Rejection leaves things as they were. Suppose you ask for something and the answer is no. Then you have exactly what you had before you asked.
The fear of rejection is much worse than rejection itself. Someone who hasn't been rejected a lot hasn't tried very much, has played it safe most of the time.
Rejection is not a stain on you. If you read poems in a literary journal you will read what is there, not what isn't, so nobody is thinking about your rejected poems.
You can think of rejection as a percentage. If you had to sell 10 tickets to an event you might have to ask 500 people. Then you've met your goal. I'm going to submit poems every day of the year that I can. I just have to have a few acceptances out of all of those. If I want 10 poems in print I might have to send out 500.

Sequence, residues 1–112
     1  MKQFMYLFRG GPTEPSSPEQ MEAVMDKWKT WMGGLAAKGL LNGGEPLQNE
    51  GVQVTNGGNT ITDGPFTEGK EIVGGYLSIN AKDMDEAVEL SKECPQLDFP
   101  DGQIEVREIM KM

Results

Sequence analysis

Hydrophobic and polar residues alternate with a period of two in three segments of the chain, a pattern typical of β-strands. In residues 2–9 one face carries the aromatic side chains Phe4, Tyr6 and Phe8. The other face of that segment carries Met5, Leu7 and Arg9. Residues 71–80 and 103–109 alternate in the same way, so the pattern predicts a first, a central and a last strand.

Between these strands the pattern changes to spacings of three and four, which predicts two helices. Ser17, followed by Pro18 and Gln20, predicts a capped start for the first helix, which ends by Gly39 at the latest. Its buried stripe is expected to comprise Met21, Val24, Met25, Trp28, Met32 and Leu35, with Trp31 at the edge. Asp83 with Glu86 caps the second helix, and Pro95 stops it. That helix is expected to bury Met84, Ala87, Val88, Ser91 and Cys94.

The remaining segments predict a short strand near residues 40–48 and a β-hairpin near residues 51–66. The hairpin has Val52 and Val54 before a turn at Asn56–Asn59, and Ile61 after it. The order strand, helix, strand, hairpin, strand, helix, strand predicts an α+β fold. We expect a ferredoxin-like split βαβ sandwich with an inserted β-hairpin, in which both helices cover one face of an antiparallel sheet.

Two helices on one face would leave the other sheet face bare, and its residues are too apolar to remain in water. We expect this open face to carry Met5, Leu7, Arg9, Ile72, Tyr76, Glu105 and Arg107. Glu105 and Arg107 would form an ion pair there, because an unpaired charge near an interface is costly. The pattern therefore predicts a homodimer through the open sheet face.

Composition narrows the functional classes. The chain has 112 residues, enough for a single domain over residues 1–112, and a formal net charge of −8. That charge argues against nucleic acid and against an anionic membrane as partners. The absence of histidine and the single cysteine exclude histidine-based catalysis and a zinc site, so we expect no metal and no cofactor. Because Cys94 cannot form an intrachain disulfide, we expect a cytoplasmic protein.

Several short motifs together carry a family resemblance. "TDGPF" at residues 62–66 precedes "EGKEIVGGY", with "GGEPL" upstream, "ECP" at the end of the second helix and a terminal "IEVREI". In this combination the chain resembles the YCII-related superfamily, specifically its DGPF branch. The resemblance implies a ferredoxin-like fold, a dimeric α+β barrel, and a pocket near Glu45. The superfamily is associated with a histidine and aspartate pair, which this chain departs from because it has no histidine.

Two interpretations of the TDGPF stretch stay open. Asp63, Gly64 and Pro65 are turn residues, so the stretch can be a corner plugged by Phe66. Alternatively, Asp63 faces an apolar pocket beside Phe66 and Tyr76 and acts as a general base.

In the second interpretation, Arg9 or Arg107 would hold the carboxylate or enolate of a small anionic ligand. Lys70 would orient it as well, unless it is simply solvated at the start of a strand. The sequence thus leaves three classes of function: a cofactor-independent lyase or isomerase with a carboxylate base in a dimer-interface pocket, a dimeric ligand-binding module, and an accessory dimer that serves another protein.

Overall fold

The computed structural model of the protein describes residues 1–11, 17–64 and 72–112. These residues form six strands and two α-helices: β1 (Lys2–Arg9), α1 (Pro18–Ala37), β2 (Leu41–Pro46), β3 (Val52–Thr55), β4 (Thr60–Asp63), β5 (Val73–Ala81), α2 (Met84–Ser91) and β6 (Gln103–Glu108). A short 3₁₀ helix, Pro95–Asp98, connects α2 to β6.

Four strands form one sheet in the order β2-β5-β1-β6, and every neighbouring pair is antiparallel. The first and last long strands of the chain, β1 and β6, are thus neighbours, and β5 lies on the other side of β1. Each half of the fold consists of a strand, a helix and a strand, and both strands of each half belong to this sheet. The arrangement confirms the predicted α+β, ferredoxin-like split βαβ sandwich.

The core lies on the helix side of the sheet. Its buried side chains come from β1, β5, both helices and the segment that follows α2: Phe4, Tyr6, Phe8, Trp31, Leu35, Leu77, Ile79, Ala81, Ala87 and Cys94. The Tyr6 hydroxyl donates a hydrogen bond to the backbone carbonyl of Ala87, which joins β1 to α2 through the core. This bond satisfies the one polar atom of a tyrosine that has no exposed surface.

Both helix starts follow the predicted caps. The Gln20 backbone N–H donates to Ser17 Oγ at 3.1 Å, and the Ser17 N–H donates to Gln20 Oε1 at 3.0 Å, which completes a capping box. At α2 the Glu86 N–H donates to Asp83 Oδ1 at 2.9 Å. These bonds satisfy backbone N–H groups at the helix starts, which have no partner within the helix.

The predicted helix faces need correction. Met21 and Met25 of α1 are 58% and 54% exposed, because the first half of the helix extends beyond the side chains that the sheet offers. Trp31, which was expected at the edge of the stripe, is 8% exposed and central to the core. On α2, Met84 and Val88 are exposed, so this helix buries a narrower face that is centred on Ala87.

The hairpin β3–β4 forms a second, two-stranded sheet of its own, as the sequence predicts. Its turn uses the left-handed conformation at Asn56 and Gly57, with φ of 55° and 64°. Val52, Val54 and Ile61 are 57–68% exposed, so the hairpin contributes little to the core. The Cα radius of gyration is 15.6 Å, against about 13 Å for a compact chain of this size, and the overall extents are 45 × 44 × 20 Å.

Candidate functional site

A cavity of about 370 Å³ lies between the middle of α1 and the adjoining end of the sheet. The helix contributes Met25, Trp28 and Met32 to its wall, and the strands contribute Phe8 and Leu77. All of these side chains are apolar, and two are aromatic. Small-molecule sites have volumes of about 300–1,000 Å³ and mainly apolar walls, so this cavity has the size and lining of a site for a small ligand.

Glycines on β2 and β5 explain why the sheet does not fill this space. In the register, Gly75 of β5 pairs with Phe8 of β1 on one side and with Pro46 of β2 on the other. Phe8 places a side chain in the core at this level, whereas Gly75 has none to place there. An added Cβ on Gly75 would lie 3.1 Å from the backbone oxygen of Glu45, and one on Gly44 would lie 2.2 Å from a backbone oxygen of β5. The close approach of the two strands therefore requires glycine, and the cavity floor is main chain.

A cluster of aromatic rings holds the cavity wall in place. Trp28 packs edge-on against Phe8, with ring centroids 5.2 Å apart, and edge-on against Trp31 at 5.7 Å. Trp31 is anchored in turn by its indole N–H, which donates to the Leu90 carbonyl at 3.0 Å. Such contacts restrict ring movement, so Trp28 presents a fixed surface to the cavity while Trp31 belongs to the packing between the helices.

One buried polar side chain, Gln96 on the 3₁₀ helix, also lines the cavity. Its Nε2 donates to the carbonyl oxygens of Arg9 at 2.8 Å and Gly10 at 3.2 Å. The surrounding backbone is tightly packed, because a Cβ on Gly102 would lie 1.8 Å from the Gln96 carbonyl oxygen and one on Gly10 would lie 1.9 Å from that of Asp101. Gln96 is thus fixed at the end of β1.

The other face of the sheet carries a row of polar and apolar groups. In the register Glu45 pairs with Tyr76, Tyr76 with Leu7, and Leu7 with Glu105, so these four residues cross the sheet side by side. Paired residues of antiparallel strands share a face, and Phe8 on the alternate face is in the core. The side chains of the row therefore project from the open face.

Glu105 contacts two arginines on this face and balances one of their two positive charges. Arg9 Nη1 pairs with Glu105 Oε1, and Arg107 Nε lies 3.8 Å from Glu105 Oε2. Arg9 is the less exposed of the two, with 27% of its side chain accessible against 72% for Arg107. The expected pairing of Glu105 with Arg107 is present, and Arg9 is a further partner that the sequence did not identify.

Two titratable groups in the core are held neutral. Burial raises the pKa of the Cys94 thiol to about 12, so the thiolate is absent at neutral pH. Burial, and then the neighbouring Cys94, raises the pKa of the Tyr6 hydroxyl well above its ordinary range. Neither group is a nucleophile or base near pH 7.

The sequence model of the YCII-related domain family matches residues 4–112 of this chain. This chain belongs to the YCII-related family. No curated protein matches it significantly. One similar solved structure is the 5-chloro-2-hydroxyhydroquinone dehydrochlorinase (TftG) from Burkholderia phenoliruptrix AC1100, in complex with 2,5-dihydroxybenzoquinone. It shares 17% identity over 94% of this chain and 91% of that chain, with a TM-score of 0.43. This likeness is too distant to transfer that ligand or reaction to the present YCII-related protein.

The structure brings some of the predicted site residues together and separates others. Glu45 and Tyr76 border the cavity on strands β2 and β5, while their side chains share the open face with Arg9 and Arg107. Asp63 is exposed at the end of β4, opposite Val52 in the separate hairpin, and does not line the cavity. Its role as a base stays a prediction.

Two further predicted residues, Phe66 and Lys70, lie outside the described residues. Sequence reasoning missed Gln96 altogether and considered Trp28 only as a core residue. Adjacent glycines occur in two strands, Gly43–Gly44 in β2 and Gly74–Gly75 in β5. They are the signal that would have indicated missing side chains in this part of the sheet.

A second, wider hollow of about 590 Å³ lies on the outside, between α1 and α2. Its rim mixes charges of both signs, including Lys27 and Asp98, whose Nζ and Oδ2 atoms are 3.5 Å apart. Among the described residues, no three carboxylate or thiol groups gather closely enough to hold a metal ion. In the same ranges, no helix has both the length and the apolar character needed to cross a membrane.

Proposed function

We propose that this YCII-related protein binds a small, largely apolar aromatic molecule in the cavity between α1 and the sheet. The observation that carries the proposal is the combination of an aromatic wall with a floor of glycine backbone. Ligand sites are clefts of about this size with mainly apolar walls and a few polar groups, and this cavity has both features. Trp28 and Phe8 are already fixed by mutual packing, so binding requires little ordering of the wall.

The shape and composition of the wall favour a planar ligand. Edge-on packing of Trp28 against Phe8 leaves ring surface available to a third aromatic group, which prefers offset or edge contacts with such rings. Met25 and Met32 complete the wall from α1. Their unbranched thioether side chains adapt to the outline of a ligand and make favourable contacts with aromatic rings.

Rejection isn't personal (except when it is!). There is such a thing as personal rejection: someone is rejecting you, as a person, does not want to be your friend or romantic partner, or even to do something with you. That is a topic for another post. But a lot of rejection has nothing to do with one's self. Say you send in an article and it is read as a blind submission. Even when there is some personal element, it is helpful to realize that it might be less of a factor than you assume.
There are people who have been rejected in traumatic ways, or for whom rejection is the dominant experience in their life. Those people won't be able to view rejection in the way that I am recommending.